Only a few short days ago, I was weeding the rose garden and uncovered something shocking. I reached around a plant to pull a tiny little weed that was barely peaking its green head above the surface. Just before I pulled it, I realized it wasn’t a weed at all. Carefully, I scratched the mulch away and found three other shoots almost ready to break out into the light. Further investigation revealed that two other graves were bursting with life as well. Although I know it was a natural process, it felt like a miracle. I had just witnessed the dead raised to life. Some of my roses were going to make it after all! Even though the bushes appeared to be dead, things were going on beneath the surface that the eye could not see.
God has always taught me the most memorable lessons while in my garden. That day I was reminded of a truth that became fresh and real all over again: we never know what’s going on beneath the surface, but time will always tell the truth about the root.
In the New Testament, Luke recorded one of Jesus’ parables. He said, “A certain man had a fig tree planted in his vineyard, and he came seeking fruit on it and found none. Then he said to the keeper of his vineyard, ‘Look, for three years I have come seeking fruit on this fig tree and find none. Cut it down; why does it use up the ground?’ But he answered and said to him, ‘Sir, let it alone this year also until I dig around it and fertilize it. And if it bears fruit, well. But if not, after that, you can cut it down.’” (Luke 13:6-9)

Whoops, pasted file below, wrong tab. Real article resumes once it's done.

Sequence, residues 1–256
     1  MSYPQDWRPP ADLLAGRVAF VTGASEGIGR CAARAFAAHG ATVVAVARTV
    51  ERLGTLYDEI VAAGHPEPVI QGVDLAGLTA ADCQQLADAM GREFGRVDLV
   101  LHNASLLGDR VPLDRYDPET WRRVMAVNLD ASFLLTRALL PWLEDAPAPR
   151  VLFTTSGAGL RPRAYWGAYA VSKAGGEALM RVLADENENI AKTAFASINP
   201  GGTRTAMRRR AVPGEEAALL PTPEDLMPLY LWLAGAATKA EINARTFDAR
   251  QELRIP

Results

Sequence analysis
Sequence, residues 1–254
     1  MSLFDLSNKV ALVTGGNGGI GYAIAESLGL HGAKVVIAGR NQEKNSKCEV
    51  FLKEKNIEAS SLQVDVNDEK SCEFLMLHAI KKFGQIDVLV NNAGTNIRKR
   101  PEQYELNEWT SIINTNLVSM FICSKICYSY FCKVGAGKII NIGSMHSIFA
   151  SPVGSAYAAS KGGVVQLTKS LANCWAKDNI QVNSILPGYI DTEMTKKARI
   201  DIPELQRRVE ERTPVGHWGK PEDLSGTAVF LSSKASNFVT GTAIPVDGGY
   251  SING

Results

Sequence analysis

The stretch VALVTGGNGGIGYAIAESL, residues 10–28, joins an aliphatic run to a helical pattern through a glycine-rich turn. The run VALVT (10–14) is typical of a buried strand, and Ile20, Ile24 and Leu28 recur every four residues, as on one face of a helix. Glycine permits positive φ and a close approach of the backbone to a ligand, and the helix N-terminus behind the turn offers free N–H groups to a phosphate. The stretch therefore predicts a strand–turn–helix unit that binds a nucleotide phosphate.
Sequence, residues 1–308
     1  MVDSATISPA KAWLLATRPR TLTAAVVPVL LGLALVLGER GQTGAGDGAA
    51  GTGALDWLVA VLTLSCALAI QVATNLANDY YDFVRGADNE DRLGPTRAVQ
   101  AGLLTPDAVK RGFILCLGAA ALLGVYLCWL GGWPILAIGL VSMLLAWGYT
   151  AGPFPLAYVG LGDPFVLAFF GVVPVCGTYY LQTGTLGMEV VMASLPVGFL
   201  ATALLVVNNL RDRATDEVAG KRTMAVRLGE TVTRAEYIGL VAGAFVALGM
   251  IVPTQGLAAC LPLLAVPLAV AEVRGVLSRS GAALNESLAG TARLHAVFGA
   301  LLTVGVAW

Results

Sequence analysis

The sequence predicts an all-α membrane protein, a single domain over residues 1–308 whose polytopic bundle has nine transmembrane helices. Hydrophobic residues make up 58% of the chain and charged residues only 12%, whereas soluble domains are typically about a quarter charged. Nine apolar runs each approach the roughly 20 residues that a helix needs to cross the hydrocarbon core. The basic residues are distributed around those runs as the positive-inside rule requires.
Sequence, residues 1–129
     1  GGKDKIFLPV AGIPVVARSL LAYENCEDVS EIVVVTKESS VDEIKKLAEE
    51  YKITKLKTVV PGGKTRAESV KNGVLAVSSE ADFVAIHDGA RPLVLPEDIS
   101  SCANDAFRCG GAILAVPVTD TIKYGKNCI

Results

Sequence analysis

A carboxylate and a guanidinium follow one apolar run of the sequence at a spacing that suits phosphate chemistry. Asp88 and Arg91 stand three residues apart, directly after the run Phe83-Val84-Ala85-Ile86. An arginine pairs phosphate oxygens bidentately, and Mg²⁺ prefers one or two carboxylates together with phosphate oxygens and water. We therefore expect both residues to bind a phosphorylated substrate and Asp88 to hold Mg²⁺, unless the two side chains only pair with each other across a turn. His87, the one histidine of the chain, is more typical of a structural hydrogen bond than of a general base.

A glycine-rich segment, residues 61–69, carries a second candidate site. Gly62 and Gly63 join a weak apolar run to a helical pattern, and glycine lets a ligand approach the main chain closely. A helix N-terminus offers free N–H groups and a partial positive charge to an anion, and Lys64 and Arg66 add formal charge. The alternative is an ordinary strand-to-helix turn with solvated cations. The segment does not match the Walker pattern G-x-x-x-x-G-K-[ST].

I think that Jesus’ obvious point was that a life that does not bear fruit is a life that will one day be cut down. Yet, though not Jesus’ primary emphasis, I can’t help but think about the gardener’s response–give it time, I will give it attention, and then if it still doesn’t bear fruit, we can cut it to the root. The words, “let it alone this year also,” have been bouncing around in my head ever since I discovered all my bushes weren’t dead. I almost made the mistake of killing living plants because they appeared to be dead for a season. God used that moment to remind me that though His work is not always visible, it is always viable. By that, I mean, just because things look dead on the surface does not mean that God is not bringing about new life underneath.
Whether it is in the lives of those we love or the situations we face personally, the story is never over until God runs out of ink, and God’s ink well has never run dry. We can’t always see what He is doing, but that is not a reason to assume He isn’t doing anything. Underneath what appears to be the browning branches of a loveless marriage, the shriveled leaves of a long dry season, or the sharp thorns of a rebellious heart, may be a living root that God is personally cultivating and caring for.
Our part is learning the wisdom to wait before we dig, to listen to the voice that says stay when we would rather go, and to hope for life when all we see is death. When God is involved, there may still be shoots from roots we thought we killed and buds on bushes we were certain were dead. It’s easy to look at a person’s exterior and assume there is nothing happening on the interior, but we must be careful to remember that God often digs in depths we can’t see. He works beneath the surface. He transforms graveyards into gardens.
-Pastor Benjamin Webb